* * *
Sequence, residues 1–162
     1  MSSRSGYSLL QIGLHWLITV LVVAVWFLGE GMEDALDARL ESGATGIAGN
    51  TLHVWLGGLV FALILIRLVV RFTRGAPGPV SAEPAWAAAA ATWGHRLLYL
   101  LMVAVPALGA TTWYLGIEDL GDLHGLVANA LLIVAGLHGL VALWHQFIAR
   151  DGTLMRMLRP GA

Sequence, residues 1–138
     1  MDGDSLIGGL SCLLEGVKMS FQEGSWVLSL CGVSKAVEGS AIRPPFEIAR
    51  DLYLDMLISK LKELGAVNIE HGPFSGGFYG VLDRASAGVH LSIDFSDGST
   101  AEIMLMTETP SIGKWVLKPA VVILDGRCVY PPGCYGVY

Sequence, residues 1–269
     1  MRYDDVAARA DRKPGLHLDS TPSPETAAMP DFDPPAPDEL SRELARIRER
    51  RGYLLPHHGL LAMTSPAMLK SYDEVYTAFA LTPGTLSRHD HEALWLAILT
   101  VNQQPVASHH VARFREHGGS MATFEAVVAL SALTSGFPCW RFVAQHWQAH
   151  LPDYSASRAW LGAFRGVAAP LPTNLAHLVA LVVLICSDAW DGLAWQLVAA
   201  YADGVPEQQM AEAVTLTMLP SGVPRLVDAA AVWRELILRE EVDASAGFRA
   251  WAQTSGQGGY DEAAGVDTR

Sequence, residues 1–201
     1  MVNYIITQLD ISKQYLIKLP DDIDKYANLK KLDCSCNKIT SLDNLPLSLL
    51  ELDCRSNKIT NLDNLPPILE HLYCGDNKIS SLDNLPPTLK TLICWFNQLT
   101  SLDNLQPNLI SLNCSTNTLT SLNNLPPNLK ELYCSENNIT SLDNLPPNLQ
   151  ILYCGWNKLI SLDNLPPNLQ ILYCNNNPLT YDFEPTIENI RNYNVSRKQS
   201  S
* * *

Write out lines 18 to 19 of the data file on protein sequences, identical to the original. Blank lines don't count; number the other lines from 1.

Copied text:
     1  MVNYIITQLD ISKQYLIKLP DDIDKYANLK KLDCSCNKIT SLDNLPLSLL
    51  ELDCRSNKIT NLDNLPPILE HLYCGDNKIS SLDNLPPTLK TLICWFNQLT